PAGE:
Berbati’ s Pan; Portland, OR

When listening to the music of Jason Pierce, the British songwriter behind Spiritualized, his moniker could be considered in two ways: spiritualized by the cosmic interstellar rock and spiritualized by the ghost of the Holy Spirit. But in this case, it is used as one entity, space rock combined with gospel, a Wall of Sound against the thrumming of the sounds of church. It is spiritual redemption at a rock show. As we all know, Pierce was stricken by serious pneumonia that almost killed him in 2005. We also know that Spiritualized has returned this year with Songs in A&E, an amazing collection of songs that deal with love, God, and mortality. Though Pierce claims that the bulk of the songs were written before his illness, it is impossible not to hear sweet relief in his cracked voice. Playing them live is the culmination of this cycle.

Pierce and Spiritualized took the cramped stage before a crowd of 400 people. Bubblegum-scented smoke filtered over us, drenching the room in an eerie fog. Dressed in dark wraparound glasses and a Roky Erickson t-shirt, flanked by two gospel singers in white, a guitarist, bassist, keyboardist, and drums, Pierce picked up his red Fender and launched into a feedback-laden version of “Amazing Grace.” It was a mixture of grit and sublime. Waves of bass and drum shook the floor and rattled in our chests. The angelic voices of the backup singers wafted above the noise, ghostly tones floating somewhere between our world and somewhere else. Then the band burst into “You Lie You Cheat.”

After more than decade of shows, you'd think Spiritualized could play to a bigger crowd in a bigger venue, but Portland's Berbati’s Pan felt somewhat empty that evening. Didn’t Pitchfork’s coronation of A&E as "Best New Music" guarantee sold-out shows? But this audience seemed to be more than fly-by-night hipster fans. The guy next to me wore a Nick Cave shirt, a woman in front of me knew every lyric. These were music fans, and as the feedback pummeled down on us, there was no pushing, no jockeying for the front of the stage.

The first part of the set relied heavily on new material. Pierce played “Soul on Fire,” “Sitting on Fire,” and “Sweet Talk” at a much quicker velocity than the album. When the band launched into “Walkin’ With Jesus,” an old chestnut from Pierce’s Spacemen 3 days, the crowd shouted and sang along. Pierce remained stoic behind his glasses, never smiling and never addressing the crowd during the first set. Another highlight was “Death Take Your Fiddle” from the new album. In a truly haunting performance that included the sounds of someone breathing on a respirator, Pierce welcomed the arrival of Death with open ears. It was a song both chilling and life-affirming.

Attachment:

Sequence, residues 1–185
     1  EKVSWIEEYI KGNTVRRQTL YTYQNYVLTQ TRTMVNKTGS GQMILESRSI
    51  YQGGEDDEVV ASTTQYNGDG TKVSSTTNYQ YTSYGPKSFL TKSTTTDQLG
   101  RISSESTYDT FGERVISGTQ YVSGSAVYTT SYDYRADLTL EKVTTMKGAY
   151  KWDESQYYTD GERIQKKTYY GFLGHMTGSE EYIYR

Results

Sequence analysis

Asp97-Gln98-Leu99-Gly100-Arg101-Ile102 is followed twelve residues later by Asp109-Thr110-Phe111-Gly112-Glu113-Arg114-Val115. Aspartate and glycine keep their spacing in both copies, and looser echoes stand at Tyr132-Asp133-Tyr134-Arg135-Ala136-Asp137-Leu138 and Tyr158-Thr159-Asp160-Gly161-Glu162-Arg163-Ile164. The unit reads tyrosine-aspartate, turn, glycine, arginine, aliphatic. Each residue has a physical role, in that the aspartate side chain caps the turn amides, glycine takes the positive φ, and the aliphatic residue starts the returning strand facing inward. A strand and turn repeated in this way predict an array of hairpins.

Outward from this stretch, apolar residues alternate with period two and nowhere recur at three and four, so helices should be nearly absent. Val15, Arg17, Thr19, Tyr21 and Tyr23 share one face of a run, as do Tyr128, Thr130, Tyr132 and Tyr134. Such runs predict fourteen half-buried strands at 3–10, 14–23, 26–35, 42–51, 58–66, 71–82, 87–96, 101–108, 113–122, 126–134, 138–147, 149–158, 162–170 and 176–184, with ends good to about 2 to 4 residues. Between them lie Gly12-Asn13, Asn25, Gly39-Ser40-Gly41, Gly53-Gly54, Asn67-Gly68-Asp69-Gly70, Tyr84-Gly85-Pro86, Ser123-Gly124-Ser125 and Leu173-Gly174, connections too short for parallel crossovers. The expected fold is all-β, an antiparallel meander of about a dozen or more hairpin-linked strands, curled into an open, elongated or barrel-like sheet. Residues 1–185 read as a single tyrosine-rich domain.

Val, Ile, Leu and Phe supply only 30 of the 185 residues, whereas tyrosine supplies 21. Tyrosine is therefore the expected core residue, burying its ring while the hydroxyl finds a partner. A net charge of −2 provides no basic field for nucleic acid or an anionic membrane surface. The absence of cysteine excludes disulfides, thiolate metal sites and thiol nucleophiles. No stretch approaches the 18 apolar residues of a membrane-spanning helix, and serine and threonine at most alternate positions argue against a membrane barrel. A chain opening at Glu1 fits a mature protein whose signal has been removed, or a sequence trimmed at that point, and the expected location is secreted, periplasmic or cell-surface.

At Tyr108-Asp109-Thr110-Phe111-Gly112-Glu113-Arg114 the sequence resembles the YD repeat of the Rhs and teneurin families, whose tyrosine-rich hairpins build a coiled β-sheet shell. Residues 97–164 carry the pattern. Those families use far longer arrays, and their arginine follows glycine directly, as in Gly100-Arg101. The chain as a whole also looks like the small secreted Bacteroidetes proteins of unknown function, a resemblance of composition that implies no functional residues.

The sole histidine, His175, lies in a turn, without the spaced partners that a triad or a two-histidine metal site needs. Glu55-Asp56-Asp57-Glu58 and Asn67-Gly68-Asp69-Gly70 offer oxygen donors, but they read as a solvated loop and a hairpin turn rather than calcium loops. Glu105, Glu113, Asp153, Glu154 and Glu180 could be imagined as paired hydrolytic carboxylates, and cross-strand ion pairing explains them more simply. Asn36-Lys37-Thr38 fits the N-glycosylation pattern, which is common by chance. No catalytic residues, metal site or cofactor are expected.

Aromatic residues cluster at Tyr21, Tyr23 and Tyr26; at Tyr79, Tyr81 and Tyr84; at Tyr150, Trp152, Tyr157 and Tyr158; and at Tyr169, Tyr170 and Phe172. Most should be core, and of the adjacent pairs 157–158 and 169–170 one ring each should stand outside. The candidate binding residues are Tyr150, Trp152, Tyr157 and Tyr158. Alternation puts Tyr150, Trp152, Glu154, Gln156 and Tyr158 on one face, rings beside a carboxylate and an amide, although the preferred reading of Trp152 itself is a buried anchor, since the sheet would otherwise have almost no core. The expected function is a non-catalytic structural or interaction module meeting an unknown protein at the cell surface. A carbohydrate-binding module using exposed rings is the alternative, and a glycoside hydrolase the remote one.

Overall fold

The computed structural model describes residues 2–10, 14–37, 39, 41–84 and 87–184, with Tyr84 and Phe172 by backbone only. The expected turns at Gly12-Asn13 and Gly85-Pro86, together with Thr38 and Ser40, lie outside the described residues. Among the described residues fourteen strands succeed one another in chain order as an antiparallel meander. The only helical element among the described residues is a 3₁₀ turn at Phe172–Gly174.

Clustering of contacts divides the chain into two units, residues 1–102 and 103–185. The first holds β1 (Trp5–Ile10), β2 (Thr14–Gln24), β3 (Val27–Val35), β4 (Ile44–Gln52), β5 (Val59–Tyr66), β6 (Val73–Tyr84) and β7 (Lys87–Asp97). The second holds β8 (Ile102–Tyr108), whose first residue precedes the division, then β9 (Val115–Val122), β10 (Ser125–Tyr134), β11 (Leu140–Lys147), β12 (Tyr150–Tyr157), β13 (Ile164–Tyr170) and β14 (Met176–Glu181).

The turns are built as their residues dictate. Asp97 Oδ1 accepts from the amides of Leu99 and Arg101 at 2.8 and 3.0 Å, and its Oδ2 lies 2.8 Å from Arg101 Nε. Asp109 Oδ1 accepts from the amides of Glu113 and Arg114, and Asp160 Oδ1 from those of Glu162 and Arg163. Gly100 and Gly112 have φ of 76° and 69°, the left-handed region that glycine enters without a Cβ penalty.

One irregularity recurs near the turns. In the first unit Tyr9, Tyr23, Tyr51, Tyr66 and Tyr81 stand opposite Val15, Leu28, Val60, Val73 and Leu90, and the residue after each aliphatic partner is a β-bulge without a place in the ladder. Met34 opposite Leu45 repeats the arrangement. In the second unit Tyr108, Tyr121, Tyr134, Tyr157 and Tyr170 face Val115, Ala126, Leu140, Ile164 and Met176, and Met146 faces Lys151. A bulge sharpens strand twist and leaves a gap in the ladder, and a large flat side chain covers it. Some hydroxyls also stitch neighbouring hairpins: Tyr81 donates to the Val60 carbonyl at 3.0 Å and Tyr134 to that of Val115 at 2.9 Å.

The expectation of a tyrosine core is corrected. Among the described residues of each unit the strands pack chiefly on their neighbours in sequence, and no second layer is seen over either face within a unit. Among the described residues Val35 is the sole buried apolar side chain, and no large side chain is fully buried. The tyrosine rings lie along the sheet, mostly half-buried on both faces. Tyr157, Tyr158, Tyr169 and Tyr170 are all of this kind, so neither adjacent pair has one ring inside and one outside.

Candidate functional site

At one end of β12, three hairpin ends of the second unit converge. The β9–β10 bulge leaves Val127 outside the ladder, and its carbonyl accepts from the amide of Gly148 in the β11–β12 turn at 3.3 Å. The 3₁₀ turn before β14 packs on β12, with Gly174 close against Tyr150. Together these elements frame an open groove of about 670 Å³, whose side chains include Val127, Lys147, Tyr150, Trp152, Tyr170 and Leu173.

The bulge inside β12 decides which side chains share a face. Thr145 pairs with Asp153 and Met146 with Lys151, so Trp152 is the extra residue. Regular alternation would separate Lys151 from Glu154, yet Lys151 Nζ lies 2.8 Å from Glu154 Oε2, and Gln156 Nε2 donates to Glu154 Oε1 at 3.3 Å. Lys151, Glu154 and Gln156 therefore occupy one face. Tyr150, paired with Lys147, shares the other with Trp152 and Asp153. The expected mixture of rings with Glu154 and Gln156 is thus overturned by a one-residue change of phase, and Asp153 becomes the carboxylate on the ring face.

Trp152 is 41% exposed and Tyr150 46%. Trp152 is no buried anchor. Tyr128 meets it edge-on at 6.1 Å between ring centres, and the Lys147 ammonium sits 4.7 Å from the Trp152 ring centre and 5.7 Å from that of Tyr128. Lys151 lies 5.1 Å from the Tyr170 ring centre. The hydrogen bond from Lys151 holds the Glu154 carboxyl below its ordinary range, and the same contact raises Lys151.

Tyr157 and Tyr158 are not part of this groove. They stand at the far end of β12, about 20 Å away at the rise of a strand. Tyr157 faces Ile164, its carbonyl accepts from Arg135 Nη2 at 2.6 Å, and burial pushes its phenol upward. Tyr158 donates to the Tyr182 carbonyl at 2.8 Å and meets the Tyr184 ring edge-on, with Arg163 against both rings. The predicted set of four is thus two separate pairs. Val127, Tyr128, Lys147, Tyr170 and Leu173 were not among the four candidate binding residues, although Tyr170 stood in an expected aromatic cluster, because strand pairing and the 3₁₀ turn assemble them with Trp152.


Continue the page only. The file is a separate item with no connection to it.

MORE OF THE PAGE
Next came some tracks from 1997’s Ladies and Gentlemen We Are Floating in Space, which included an amazing performance of the title track that bled into “Can’t Help Falling In Love.” Finally, Pierce busted out another Spacemen 3 gem, “Take Me to the Other Side,” to end the set. Unleashing a torrent of sound, the band played until it seemed it would spontaneously combust. Then they walked off the stage. A languor hung over the audience. Could there possibly be more?

The band returned for one more song. Pierce uttered “thank you” before strapping on his acoustic guitar and picking the introduction of “Lord Can You Hear Me,” an emotional stunner. The crowd remained silent for a moment after it ended. Pierce said nothing else, applauded along with the audience, and then vanished. We had been Spiritualized.

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